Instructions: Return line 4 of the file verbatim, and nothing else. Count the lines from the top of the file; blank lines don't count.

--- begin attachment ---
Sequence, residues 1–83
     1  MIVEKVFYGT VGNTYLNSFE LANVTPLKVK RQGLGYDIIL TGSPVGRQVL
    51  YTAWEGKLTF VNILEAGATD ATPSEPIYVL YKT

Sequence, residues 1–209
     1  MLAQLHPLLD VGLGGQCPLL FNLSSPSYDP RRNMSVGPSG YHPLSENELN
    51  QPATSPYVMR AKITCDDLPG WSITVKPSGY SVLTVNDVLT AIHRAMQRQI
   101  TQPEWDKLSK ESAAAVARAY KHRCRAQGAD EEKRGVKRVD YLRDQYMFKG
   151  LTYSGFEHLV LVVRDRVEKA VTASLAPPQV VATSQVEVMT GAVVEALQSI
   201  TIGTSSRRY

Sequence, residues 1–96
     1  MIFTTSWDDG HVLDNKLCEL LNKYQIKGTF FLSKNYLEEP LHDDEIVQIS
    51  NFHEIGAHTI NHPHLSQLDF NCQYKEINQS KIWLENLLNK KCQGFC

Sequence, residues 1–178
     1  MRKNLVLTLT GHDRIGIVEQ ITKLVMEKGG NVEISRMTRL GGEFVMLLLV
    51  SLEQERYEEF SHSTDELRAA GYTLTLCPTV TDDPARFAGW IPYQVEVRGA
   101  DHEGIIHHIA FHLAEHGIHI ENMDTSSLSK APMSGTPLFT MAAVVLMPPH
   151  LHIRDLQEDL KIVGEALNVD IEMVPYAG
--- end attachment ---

Sequence, residues 1–209